Care needed when advising on Brazilian employment law
In Brazil, international employment law can often become a hybrid of domestic Brazilian law and relevant international law. The mention of domestic Brazilian employment means, specifically, the Consolidation of Labour Laws, issued in 1943. Roberta Santayana, Director of Special Projects at Russell Bedford Brazil sheds light on its principles
Brazilian employment law follows ILO principles
This legislation found its inspiration in the regulations and guidelines laid down by the International Labour Organisation (ILO), of which Brazil is a founding member. The ILO exists to establish and promote minimum global standards for social justice, human rights, and employment rights. Thus, Brazilian law follows these ILO principles to protect the rights of employees.
By necessity, Brazilian law has evolved since 1943 – the latest changes occurred in 2017. However, the principals of the ILO standards remain intact, protecting workers, in areas such as:
- health and safety
- child labour
- slave labour
- freedom of association
- equal opportunities
- gender equality
This also has the effect of making life easier for foreign businesses operating in Brazil, when employing Brazilian nationals, if their home jurisdiction also observes and abides by ILO conventions, even where their local laws differ from Brazilian laws. Further, accountancy firms advising foreign businesses will find it easier to bring them into line with the required Brazilian standards.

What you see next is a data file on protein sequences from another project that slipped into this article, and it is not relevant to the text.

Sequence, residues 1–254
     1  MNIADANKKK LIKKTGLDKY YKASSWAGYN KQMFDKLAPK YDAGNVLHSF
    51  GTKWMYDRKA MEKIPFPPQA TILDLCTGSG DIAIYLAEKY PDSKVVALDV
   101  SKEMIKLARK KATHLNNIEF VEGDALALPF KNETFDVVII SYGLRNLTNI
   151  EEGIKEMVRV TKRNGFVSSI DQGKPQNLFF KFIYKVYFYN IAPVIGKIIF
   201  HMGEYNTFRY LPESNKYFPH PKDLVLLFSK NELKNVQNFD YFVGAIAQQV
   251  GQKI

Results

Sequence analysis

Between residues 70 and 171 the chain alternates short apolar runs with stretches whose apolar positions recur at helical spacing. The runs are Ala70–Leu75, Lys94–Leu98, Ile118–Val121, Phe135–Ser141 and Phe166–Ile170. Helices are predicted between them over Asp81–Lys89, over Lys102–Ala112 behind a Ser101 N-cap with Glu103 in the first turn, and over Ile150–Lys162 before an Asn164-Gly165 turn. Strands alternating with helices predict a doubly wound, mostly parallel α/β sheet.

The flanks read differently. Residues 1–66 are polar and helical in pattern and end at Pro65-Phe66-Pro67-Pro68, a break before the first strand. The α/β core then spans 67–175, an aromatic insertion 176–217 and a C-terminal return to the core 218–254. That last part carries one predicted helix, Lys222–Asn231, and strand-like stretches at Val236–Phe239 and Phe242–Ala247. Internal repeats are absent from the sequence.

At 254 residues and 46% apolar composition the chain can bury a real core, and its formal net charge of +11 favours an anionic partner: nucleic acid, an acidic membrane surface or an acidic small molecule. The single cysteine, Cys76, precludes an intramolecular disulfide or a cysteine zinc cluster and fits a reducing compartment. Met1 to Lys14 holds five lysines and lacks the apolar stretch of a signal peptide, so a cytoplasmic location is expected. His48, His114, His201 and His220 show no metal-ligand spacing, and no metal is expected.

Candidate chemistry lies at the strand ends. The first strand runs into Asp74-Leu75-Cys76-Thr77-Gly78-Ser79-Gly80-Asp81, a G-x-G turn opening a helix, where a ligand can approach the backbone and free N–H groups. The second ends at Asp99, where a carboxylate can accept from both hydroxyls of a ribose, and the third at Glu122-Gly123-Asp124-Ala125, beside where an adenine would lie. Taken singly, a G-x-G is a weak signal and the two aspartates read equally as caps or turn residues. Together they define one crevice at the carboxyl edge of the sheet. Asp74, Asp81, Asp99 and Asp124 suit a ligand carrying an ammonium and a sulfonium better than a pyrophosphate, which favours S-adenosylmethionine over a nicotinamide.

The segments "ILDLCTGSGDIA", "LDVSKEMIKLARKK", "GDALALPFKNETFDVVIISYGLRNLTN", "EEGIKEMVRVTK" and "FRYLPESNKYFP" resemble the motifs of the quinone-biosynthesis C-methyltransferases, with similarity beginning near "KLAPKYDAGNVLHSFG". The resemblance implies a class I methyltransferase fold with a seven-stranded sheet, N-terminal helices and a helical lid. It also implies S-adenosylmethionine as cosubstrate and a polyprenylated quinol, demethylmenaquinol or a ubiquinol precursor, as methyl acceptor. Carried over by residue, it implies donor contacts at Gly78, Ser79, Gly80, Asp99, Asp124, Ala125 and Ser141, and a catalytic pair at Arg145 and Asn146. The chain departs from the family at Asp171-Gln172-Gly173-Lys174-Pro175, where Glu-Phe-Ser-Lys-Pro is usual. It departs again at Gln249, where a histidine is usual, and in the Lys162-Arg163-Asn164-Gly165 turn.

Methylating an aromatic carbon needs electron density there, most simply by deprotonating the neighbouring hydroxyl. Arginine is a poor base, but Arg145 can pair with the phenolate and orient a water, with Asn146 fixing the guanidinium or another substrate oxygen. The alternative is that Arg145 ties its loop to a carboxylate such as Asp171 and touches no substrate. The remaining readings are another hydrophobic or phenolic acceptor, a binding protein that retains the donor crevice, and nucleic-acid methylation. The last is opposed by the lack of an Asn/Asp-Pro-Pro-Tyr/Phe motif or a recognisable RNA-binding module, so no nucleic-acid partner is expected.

Roberta Santayana, Director of Special Projects at Russell Bedford Brazil
Brazilian nationals working overseas
That said, advisers need to pay special attention where businesses (whether Brazilian or foreign), hire Brazilian nationals to work overseas. Generally, local employment laws will govern the employment contract, except where Brazilian law is more favourable to the employee, in which case Brazilian law overrides local law (Law 7064/82, amended by Law 11962/2009). Put simply, the better law applies.
Resolving labour conflicts
Therefore, when advising on, or trying to resolve, labour conflicts, be aware of these three basic principles:
1. Employees hired and working in Brazil, even if they have a foreign employer, must observe, and abide by, Brazilian employment law
2. Employees hired in Brazil to work overseas benefit from local or Brazilian employment law, whichever is more favourable to the employee
3. Foreign businesses hiring Brazilian nationals to work abroad can use local employment law provided Brazilian law is not more favourable
These are the general rules of international employment law that Brazil adopts. Advisers must understand these principles to guide their clients, whether Brazilian businesses operating overseas or overseas businesses hiring in Brazil.